Nationalism is good when it is woven through with kingdom values like love for others.  But the nations on this earth are not the kingdom of God, and the church is not the kingdom either.  The church comes out of and flows in the kingdom and we all live in nations, whether we serve the kingdom of God or the kingdom of Satan.

God and Satan are both working in the nations, as a battle field, on the earth.  Nations are turf, where people live, that God is working to save and Satan is working to corrupt.  People who do not believe, who have not repented, or are not ready are apt to have an unclear understanding of nations and might gravitate to the extreme of national pride, exclusive-ism and un-neighborliness that may even include war against others.  Or, they might believe in moving toward a world where there are no nations, no boundaries and we are all one.

Both of these extremes are wrong, and the correction is that God redeems nations.  The human answer is to either be proud and unloving towards others and live in narcissism, or to become ‘enlightened’ and find a way to get along, through ‘human ingenuity’.  Both of these are wrong, because they leave out or set aside the loving God.

Believers are challenged to live in the world, but not of the world: as sojourners, who are on their way to living forever with God.  And believers are all about taking as many people with them into God’s family.  That mission is what drives the Christian, who lives on earth, in a nation.

What God has ordained or created is something I also like.  And one of those things is nations.  Nations is plural and God loves the nations, all the nations.

But I live in a nation and I love my nation, that God also loves.  God is saving and redeeming people inside of nations including my country.

I can not tell you about other nations or your country, if you are in another nation.  But I can tell you the good things about my country.  I can sing it’s praises and I imagine you can sing the praises of yours.

One of the great things about my country is that we are of many ethnicities, yet we are one nation.  We also hold many different opinions, but we are one nation.  Love for America in it’s truest sense is love for all of America and love for who we all are, together, living in this land.

Here is the song:
This is My Country, by Dan Raye and Al Jacobs
This is my country
Land of my birth
This is my country
Grandest on Earth
I pledge thee my allegiance
America the bold
For this is my country
To have and to hold

What difference if I hail from North or South

Or from the East or West?
My heart is filled with love
For all of these.
I only know I swell with pride
And deep within my breast
I thrill to see Old Glory
Paint the breeze.
With hand upon my heart
I’m thankful for my native land
For all I love is here within her gates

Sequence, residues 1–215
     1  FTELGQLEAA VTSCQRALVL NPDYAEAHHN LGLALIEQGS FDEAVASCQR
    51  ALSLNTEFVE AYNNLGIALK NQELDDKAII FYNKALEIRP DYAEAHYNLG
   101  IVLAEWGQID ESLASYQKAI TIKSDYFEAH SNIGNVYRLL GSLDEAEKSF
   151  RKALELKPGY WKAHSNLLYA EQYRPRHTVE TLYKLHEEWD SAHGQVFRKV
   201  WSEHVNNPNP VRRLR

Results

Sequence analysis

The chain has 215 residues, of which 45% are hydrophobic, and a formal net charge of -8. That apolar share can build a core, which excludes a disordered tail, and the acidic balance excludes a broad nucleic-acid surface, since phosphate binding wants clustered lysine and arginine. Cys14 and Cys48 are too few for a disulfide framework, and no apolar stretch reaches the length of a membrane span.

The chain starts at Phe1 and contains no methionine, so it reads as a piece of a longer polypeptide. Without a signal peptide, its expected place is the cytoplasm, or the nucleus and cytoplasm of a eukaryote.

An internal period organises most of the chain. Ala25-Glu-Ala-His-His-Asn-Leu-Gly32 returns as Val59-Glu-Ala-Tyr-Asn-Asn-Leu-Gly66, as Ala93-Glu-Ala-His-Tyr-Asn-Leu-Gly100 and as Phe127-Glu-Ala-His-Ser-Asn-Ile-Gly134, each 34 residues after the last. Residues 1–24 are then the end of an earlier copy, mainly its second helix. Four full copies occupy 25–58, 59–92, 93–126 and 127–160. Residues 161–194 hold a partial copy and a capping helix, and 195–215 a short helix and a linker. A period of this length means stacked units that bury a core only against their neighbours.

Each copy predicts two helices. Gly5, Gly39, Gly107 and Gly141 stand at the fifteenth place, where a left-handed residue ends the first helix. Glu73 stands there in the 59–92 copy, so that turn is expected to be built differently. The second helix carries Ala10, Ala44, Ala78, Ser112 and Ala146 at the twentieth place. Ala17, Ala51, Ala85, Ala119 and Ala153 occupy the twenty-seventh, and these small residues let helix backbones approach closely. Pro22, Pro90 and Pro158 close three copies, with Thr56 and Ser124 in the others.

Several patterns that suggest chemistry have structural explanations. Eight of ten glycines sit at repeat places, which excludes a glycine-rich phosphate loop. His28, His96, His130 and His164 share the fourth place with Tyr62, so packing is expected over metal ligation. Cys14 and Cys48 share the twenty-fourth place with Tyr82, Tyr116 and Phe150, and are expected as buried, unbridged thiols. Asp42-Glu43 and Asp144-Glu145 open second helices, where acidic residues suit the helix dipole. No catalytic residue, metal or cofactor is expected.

My soul is rooted deeply within the soil on which I stand
For these are mine, my own United States.
This is my country
Land of my choice
This is my country
Hear my proud voice.

I pledge thee my allegiance

America the bold
For this is my country
To have and to hold.

Reflections on Israel’s Salvation: Looking at Romans 11

And in this way all Israel will be saved, as it is written:
The Liberator will come from Zion;
He will turn away godlessness from Jacob.

-Romans 11:26

The Salvation of Israel

All of Israel will be saved.  Does this mean the State of Israel, or all of ethnic Israel?  And is this going to happen at a certain time?  When we study this phrase and then look at it in context, the answer is very simple and clear.

The key that helps us understand are the previous words, that answer the question of ‘how?, and they are, “in this way”.  What is this way that Israel will be saved?  The answer is: All of Israel that will be saved, may be saved in the same way that Paul and the remnant of Jews in his day were saved, and that is through faith in the gospel.

Israel will be saved as they respond in faith and receive mercy from God, in the same way and through the same mercy, in which God saves any and all peoples.  The offer of mercy has gotten more appealing, interesting, and attractive; in the light of the Gentiles taking God up on his offer of salvation.

The Letter to The Roman Church

What about God’s promises to Israel?  Was God’s faithfulness to believers in Christ taking over his faithfulness to Israel?  These are questions that Paul addresses in the passage of Romans nine through eleven.

These chapters seem like an aside, for modern Gentile readers.  Chapter 8 ends on the glorious and triumphant expression of Christian faith that says:

For I am persuaded that not even death or life, angels or rulers, things present or things to come, hostile powers, height or depth, or any other created thing will have the power to separate us from the love of God that is in Christ Jesus our Lord!

And chapter 12 begins with a big therefore, that says in a sense, in light of all this teaching, here are some thoughts on how to live out the life in Christ:

Therefore, brothers, by the mercies of God, I urge you to present your bodies as a living sacrifice, holy and pleasing to God; this is your spiritual worship.

Doctrine, Heart, Practice

The section on the questions about Israel is sandwiched between profound orthodoxy (true and correct doctrine) and profound orthopraxy (true and correct practice).  But Romans 9-11 is orthopathy or orthokardia (true or correct heart or affections).  It teaches or imparts to us wisdom about having the right affection or the right heart.